Ontario tries to empower women, but ends up with stale report

Engaging empowered women in Ontario is getting more political airtime, with more focus on the “status of women” in legislature. But will it have the desired impact of actually helping women in Ontario?

The province released an engagement paper on June 9 that describes the ways in which the government wants to increase women empowerment and close the wage gap. The paper includes a survey with questions about youth, economic opportunities, social attitudes, and leadership. These are significant issues for women and addressing them is important — as long as it is for and about the women in Ontario, instead of an election issue to win votes with no real purpose.

The survey asks Canadian citizens what they believe is the most important component to women’s empowerment via a series of detailed questions. The issue with the survey is that it offers several reasons why women don’t have complete equality in Ontario and doesn’t mandate the survey-taker to choose which issue is the most important on every question. This allows the people taking the survey to choose every issue and not specify what subject matters should be tackled first. It is fairly obvious that each of the four goals specified in the report is important, but asking if all of them are important is redundant. This is often seen in government surveys and makes a democratic and potentially helpful questionnaire essentially pointless.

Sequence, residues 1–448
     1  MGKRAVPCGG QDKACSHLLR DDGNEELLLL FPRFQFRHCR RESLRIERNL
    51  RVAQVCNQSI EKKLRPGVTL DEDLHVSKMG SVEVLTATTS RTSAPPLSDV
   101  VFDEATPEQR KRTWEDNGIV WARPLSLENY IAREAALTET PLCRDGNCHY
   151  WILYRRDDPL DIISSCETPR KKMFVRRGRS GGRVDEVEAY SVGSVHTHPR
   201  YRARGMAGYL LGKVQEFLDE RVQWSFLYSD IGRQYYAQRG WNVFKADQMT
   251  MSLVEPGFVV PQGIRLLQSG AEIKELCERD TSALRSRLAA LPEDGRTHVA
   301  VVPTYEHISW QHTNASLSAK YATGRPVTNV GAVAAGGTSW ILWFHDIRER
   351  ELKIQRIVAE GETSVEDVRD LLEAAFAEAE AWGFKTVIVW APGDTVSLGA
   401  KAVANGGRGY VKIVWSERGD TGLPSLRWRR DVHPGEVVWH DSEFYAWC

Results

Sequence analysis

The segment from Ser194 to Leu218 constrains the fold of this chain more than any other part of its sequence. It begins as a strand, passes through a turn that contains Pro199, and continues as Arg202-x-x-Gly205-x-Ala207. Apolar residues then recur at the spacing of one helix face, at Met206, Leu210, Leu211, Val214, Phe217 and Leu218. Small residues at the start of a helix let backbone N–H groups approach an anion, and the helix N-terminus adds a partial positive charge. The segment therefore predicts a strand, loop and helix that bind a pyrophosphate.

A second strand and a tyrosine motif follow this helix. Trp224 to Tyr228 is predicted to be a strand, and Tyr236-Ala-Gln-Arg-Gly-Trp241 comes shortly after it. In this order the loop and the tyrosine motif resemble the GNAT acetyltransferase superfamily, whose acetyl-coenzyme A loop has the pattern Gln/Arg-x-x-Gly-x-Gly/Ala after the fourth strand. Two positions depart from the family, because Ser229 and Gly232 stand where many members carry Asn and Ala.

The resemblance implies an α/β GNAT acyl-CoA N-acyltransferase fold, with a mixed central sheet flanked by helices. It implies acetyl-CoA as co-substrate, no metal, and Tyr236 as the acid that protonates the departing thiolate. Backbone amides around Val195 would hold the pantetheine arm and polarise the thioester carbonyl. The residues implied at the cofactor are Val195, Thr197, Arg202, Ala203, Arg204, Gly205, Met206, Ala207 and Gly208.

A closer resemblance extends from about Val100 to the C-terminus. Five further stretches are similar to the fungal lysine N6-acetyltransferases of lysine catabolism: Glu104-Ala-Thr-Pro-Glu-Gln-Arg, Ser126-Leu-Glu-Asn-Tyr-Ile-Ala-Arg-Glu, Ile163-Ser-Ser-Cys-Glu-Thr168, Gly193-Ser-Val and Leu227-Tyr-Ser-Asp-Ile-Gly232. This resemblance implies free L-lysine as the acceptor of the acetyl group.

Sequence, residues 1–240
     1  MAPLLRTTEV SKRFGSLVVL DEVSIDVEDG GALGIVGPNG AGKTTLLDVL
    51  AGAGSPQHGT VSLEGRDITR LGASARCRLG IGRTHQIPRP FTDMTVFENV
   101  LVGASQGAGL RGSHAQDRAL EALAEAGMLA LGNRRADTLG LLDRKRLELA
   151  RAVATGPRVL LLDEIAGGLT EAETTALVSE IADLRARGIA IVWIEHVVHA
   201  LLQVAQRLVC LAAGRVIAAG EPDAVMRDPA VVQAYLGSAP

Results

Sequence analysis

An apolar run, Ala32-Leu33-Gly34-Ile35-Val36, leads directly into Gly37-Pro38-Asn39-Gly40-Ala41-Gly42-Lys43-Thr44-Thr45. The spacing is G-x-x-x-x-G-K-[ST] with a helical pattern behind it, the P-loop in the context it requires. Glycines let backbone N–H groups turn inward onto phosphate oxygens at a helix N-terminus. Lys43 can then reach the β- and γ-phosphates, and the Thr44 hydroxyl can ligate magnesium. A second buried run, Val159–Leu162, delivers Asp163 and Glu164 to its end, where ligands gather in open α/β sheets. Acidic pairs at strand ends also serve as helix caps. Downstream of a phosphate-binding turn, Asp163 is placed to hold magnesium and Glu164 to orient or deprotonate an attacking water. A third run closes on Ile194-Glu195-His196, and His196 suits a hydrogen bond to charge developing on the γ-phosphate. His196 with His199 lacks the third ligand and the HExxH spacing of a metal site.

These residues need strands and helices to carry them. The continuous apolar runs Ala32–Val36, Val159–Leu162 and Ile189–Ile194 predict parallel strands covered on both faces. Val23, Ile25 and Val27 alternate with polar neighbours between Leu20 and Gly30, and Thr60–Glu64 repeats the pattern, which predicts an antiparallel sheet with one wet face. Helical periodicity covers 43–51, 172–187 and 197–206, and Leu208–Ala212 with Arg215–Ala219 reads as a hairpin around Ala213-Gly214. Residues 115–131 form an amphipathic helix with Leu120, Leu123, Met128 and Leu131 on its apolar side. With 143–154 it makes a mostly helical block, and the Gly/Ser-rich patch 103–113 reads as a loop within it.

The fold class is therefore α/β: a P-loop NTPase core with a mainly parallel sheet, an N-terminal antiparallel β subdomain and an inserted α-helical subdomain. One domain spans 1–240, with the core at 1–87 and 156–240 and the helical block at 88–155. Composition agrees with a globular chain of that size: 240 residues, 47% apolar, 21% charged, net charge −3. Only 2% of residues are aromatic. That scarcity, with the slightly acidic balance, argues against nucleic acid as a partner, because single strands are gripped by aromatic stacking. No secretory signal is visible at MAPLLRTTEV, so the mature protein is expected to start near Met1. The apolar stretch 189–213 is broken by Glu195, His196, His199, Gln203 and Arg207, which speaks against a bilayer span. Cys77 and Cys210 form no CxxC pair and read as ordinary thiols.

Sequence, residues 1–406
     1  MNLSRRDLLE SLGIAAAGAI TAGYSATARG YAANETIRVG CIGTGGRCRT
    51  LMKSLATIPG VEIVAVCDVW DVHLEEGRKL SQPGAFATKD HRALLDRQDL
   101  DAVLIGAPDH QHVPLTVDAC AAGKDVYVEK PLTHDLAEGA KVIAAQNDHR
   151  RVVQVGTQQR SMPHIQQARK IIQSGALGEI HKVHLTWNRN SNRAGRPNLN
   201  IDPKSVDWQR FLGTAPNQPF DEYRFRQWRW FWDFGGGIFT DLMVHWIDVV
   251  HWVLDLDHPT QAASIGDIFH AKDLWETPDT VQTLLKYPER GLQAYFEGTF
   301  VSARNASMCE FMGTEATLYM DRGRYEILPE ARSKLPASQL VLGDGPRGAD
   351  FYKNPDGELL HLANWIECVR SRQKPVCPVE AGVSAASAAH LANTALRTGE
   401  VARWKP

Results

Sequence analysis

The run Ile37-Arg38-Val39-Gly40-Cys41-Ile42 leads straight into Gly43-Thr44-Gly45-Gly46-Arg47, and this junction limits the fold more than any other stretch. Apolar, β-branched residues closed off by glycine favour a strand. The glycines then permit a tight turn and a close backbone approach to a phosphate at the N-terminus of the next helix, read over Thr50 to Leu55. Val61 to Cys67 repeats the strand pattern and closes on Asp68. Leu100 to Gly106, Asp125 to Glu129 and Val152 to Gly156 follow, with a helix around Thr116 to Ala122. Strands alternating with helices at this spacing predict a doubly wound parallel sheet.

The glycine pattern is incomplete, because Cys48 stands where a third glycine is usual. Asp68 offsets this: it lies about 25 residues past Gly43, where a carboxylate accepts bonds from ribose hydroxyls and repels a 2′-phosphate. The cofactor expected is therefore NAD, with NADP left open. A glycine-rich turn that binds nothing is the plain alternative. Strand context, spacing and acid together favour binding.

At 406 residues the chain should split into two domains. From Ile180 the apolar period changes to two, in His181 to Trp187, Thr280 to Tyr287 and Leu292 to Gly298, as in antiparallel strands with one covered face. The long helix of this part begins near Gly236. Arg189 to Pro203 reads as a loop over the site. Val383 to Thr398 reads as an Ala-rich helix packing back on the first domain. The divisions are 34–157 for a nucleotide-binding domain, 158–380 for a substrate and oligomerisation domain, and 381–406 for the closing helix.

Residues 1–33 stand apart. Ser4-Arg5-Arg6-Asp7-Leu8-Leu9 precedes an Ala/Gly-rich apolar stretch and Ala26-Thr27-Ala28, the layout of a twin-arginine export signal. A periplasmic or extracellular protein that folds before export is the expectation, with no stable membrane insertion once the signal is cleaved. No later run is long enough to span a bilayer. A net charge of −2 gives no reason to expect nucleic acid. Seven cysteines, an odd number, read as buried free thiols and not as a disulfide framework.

Though Ontario is making strides with women, the efforts thus far is limited. For example, the province has committed to help 100,000 children obtain licensed child care over the next five years, but the subsidy waiting list in Toronto alone is 18 months long. There are also efforts to help 1700 low-income women gain financial literacy training, but there are thousands of women who still need help to gain education and training to move up in the world. Needless to say, more is needed and it shouldn’t be based on fulfilling commitments five years down the road, but should be fulfilled now.

The report is well-minded, but still lends itself to words such as “encouraging women to explore different careers”, and “supporting continued career progression”, but lacks specific goals with targeted language. Though it is important to “encourage” and “support”, women need action and specific goals with a ready-made budget instead of a tentative report and survey. Often, talking about women empowerment is seen as enough action when credible and supported goals need to be met to actually close the wage gap and promote women equality.

Women’s economic empowerment is a primary concern in Ontario and needs to be addressed with affirmative action as soon as possible. Between reports, surveys, and loosely mandated changes, there remains a gap on giving childcare to all women who need it so they can work. Pay wage gaps must also be addressed immediately, and board positions should be mandated to have 50/50 representation.  The engagement paper is yet another shining example of the government using ‘status of women’ to appease female voters — what will it take to get the real support and action women need?